The disappearing tusk

Estimates by scientists and forest departments suggest 60 per cent male elephants in north-east India are tusk-less. This is in contrast to the elephant populations in south India where less than 10 per cent male elephants are tusk-less.

Scientists attribute high numbers of makhnas in the Northeast to deliberate removal of the tusk gene from the wild populations. “Tuskers have been selectively removed from the wild in the Northeast for about 1,000 years. There are historical records to show that tuskers from Assam and neighbouring states were supplied to be deployed in armies,” says Sukumar. “Poaching of tuskers for ivory has also been prevalent in these states for several hundred years. The removal of the tusk gene has been over sufficient number of generations to bring a genetic change in the elephant population towards tusklessness,” he adds.

“There has been rampant poaching of tuskers for ivory in south India, but only between 1970 and 2000. That would have affected only one generation and would not have caused genetic changes in the population,” adds Chelliah.

In the Northeast the ratio of makhnas over tusker is only increasing. A 1995 study by scientists of Christian Albrechts University, Kiel, Germany noted that in the 19th century, makhnas were rare in north-east India. However, by 1950 makhnas were 48.7 per cent of the male elephant population and about 60 per cent by 1970s. According to the population estimates of the Assam forest department compiled by Bhupendra Nath Talukdar in his book Elephants in Assam, the percentage of adult and sub-adult makhnas in Assam increased from 62 per cent to 76 per cent between 1993 and 2008.

Even tuskers do not use tusks for fighting. They mostly head-butt or wrestle with their trunks

Does this mean Asian elephants are headed towards a tusk-less future? Perhaps, says Sukumar. “With only slight advantage of tusk in sexual selection, there is little possibility of revival of the tusk gene. Any external factor, such as poaching, that comes as a disadvantage for tusk will lead to ‘tusk-lessness’,” he explains. “Eventually, the trend of makhna crowding out the tusker will seep into other populations as well. To me, the tusk seems to be on the way out in Asian elephant populations,” he adds.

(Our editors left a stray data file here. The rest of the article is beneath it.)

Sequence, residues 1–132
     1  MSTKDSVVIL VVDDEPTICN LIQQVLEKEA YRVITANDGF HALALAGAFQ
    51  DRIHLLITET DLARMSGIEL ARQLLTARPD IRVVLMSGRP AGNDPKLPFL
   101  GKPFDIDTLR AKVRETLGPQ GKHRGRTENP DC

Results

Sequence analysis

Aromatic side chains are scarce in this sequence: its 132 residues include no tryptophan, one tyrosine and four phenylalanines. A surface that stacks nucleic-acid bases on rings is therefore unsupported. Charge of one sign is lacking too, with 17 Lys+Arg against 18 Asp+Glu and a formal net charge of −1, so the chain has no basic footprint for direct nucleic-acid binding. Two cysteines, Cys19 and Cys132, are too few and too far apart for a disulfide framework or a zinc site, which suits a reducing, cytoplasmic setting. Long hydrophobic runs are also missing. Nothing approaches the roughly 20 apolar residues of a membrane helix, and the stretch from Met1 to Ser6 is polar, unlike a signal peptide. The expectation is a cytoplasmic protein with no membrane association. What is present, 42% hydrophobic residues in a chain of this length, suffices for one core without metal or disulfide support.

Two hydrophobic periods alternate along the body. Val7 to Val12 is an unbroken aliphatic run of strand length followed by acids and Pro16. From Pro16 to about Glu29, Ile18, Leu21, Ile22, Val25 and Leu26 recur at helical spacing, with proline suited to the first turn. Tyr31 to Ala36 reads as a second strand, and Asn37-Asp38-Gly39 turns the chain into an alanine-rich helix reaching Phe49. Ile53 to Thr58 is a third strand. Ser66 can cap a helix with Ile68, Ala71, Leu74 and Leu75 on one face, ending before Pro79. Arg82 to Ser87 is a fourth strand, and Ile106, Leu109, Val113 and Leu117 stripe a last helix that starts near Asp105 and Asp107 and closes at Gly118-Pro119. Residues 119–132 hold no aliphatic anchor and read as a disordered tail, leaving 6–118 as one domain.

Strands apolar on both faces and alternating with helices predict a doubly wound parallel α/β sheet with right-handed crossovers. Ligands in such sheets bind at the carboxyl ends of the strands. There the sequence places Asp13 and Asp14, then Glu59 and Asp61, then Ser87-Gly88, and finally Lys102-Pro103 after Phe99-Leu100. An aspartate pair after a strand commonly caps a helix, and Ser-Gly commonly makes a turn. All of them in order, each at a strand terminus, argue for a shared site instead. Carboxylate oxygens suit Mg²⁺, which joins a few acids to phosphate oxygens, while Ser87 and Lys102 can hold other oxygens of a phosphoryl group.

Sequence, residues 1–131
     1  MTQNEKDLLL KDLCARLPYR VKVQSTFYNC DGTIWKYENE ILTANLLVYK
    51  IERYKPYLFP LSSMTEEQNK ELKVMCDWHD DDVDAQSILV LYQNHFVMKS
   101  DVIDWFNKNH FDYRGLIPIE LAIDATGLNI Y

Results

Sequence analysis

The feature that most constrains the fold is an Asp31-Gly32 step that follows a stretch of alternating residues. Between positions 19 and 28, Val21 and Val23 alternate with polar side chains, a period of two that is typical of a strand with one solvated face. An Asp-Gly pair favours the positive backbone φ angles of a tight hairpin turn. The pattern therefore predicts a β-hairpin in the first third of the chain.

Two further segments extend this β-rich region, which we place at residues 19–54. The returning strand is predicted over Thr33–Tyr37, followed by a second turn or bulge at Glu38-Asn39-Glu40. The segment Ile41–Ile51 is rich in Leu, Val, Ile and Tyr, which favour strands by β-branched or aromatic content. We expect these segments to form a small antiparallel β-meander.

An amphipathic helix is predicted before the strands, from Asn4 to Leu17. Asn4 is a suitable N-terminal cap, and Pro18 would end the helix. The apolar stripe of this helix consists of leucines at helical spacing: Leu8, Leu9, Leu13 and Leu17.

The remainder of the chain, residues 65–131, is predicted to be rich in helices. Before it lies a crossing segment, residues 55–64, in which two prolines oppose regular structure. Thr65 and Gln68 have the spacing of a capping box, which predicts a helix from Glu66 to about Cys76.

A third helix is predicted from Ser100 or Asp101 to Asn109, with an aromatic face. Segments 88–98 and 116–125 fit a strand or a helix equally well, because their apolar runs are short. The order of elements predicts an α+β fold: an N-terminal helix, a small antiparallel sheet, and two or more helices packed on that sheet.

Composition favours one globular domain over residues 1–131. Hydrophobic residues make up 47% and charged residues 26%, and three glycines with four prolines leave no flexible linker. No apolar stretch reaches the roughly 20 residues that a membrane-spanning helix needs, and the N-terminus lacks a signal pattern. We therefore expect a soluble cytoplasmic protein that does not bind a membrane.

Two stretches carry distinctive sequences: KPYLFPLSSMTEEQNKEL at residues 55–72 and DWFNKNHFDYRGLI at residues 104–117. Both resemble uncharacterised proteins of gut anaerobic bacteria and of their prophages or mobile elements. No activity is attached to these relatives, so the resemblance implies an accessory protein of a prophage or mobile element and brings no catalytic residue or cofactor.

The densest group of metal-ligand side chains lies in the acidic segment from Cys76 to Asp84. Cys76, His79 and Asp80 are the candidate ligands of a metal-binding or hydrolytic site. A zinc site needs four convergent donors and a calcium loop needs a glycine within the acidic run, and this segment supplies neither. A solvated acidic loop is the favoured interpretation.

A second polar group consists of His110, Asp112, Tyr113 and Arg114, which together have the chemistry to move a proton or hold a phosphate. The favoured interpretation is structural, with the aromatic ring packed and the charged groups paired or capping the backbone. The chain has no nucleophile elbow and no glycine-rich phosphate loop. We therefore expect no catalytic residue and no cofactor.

In Sri Lanka about 98 per cent male elephant population is tusk-less. While the reasons for this are not yet scientifically determined, it could perhaps be the first population to lose the tusk entirely.

A mystery unresolved

Evolution of the tusk, in fact, is one of the most intriguing, unresolved mysteries of the evolutionary biology. Fossils of elephant species that have gone extinct suggest that all of them had very long tusks. Of the three elephants species that survive in the world, tusklessness is a characteristic of only Asian elephants. In mildly poached populations of the African Savannah and African Forest elephant species, 99.9 per cent of the males and 98 per cent of the females have tusks.

“Six years ago when I asked Professor Sukumar why some Asian elephants do not have tusks, he asked me to find out why elephants have tusks in the first place,” says Chelliah. Since evolution of the tusk was attributed to sexual selection I decided to verify this, she adds.

When Darwin could not explain the evolution of some of the exaggerated and seemingly useless ornamental male traits such as the peacock feathers or the antlers of the Irish elk through his theory of natural selection, he proposed the mechanism of sexual selection. He suggested that the males compete with each other to mate with females and the male trait may function as a weapon or the females may actively choose the most splendidly ornamented male for mating. So does Darwin’s theory of sexual selection apply to the evolution of the elephant tusk? “It does not hold true for the present population of elephants. And there could be two possibilities in the past: the tusk either did not evolve through sexual selection or if it did, it evolved before the evolution of the musth. More robust studies are needed to verify this,” she says.

While Chelliah and Sukumar are still working to find answers to why the elephant tusk evolved and why the females in Asian elephants do not have tusks, their study on tusk’s role in sexual selection has made it clear that the tusk is on its way out in the Asian elephant populations. However, there is a silver lining in this. “The elephant as a species will survive. With this evolution, the elephant will practically make itself immune to poaching for ivory,” says Sukumar. As Papul Rabha, a forest guard in Kaziranga, puts it, “I have always seen makhnas walking with their head held high unlike the tuskers. It is perhaps because they have nothing to lose.”